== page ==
A glimpse at quasar host galaxy Far-UV emission using damped Lyα's as natural coronagraphs

Zheng Cai, Xiaohui Fan, Pasquier Noterdaeme, Ran Wang, Ian McGreer, Bill Carithers, Fuyan Bian, Jordi Miralda-Escudé, Hayley Finley, Isabelle Pâris, Donald P. Schneider, Nadia L. Zakamska, Jian Ge, Patrick Petitjean, Anze Slosar

Research output: Contribution to journalArticle

13 Scopus citations

Abstract

In merger-driven models of massive galaxy evolution, the luminous quasar phase is expected to be accompanied by vigorous star formation in quasar host galaxies. In this paper, we use high column density damped Lyα (DLA) systems along quasar sight lines as natural coronagraphs to directly study the far-UV (FUV) radiation from the host galaxies of luminous background quasars. We have stacked the spectra of ∼2000 DLA systems (N H I> 1020.6cm-2) with a median absorption redshift 〈z〉 = 2.6 selected from quasars observed in the SDSS-III Baryon Oscillation Spectroscopic Survey. We detect residual flux in the dark troughs of the composite DLA spectra. The level of this residual flux significantly exceeds systematic errors in the Sloan Digital Sky Survey fiber sky subtraction; furthermore, the residual flux is strongly correlated with the continuum luminosity of the background quasar, while uncorrelated with DLA column density or metallicity. We conclude that the flux could be associated with the average FUV radiation from the background quasar host galaxies (with medium redshift 〈z〉 = 3.1) that is not blocked by the intervening DLA. Assuming that all of the detected flux originates from quasar hosts, for the highest quasar luminosity bin (〈L〉 = 2.5 × 1013L O), the host galaxy has an FUV intensity of 1.5 ± 0.2 × 1040erg s-1Å-1; this corresponds to an unobscured UV star formation rate of 9 M Oyr-1.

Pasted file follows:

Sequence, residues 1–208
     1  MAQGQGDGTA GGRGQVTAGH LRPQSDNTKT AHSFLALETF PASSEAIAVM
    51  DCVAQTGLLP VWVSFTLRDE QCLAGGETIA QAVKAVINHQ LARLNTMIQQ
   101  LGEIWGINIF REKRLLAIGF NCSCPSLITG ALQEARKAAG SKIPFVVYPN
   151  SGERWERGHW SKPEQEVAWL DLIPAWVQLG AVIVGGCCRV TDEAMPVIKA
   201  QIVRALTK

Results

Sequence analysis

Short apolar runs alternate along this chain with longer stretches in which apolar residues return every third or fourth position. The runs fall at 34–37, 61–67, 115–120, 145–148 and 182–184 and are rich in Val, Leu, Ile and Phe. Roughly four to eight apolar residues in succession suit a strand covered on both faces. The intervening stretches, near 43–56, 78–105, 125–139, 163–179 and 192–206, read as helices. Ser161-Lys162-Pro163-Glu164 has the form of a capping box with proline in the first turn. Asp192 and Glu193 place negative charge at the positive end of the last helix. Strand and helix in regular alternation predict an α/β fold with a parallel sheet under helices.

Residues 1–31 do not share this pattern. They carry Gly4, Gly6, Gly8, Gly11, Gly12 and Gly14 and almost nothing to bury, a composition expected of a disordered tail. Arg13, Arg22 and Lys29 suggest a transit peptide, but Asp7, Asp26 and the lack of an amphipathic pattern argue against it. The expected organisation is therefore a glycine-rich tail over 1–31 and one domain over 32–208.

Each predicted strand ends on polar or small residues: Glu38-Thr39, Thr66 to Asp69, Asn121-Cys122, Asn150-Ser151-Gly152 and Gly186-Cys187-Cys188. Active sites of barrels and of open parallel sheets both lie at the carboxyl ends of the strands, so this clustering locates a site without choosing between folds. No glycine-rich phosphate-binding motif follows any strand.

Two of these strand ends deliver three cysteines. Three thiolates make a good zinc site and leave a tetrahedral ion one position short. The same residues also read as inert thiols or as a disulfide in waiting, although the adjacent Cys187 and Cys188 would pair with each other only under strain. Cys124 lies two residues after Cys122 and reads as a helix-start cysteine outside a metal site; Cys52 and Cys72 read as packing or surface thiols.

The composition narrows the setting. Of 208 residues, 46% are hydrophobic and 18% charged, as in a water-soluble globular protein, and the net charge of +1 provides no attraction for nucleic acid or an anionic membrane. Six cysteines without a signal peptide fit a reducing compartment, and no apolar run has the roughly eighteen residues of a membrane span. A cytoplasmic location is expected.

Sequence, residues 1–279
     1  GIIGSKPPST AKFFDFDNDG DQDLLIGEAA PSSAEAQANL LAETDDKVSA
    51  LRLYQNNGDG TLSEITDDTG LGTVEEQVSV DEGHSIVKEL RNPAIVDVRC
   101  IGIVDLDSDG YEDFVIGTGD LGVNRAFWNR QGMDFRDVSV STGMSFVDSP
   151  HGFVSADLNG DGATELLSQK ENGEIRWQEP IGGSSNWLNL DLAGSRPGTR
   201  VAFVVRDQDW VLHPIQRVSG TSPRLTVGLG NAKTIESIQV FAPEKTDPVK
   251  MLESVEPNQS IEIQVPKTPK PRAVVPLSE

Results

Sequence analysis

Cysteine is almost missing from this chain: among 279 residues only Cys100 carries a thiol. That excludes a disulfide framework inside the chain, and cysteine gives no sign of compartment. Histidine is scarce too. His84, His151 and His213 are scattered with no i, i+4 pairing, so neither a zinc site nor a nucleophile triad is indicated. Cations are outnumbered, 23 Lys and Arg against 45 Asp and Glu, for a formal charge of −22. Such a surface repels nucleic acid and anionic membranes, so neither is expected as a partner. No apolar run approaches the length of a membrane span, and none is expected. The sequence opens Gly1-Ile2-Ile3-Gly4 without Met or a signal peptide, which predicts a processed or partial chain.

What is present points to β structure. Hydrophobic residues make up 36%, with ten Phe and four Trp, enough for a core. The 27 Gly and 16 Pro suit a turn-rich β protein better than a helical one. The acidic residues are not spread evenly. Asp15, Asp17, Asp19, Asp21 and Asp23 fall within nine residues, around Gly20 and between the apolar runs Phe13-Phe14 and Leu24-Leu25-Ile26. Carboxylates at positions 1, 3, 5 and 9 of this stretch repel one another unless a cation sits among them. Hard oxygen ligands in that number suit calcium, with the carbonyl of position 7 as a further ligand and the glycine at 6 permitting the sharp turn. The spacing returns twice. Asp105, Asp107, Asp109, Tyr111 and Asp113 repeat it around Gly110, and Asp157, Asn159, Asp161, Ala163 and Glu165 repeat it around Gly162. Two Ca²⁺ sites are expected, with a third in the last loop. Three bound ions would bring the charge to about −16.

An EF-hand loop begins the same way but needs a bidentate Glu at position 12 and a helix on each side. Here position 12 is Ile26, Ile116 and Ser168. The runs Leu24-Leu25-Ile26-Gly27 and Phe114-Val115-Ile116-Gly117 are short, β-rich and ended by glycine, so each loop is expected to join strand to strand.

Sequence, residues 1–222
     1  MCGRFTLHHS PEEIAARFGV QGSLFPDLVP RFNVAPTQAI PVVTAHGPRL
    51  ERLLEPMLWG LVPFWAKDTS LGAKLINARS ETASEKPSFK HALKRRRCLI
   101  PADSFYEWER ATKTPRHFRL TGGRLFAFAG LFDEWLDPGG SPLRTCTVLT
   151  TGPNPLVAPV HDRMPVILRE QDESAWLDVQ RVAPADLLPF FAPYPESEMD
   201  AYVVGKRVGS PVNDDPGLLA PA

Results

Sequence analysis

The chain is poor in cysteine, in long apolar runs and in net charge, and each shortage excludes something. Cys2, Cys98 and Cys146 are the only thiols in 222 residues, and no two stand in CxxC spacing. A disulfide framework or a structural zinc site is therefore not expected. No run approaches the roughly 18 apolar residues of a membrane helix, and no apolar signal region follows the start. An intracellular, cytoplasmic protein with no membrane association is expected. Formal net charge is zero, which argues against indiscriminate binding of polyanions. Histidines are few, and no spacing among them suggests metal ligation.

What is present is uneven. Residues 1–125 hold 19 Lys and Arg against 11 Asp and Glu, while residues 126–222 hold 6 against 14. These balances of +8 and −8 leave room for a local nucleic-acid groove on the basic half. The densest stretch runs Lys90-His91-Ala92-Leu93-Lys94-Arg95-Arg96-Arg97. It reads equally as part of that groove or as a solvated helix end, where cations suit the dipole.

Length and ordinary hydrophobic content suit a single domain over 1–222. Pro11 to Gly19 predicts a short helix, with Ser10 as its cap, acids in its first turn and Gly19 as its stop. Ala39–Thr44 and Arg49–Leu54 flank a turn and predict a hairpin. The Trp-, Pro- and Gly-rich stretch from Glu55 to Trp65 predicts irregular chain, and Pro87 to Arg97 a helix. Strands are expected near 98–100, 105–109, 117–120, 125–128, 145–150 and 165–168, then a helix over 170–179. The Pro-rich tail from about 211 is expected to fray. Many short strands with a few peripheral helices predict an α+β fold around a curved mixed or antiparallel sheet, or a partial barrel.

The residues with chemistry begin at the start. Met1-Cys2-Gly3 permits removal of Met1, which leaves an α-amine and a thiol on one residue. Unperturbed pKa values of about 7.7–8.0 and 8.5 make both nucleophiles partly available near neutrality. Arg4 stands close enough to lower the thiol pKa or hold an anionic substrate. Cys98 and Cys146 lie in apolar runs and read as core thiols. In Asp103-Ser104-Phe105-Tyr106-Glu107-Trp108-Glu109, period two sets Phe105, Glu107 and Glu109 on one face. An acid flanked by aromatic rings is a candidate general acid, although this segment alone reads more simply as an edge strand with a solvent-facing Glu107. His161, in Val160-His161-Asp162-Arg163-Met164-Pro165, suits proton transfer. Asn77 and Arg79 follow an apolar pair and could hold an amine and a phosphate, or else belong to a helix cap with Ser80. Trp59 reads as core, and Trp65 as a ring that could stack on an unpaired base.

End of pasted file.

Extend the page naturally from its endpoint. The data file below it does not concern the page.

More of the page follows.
Original languageEnglish (US)
Article number139
JournalAstrophysical Journal
Volume793
Issue number2
DOIs
StatePublished - Oct 1 2014

Keywords

  • cosmology: observations
  • galaxies: high-redshift
  • quasars: absorption lines
  • quasars: general

ASJC Scopus subject areas

  • Astronomy and Astrophysics
  • Space and Planetary Science

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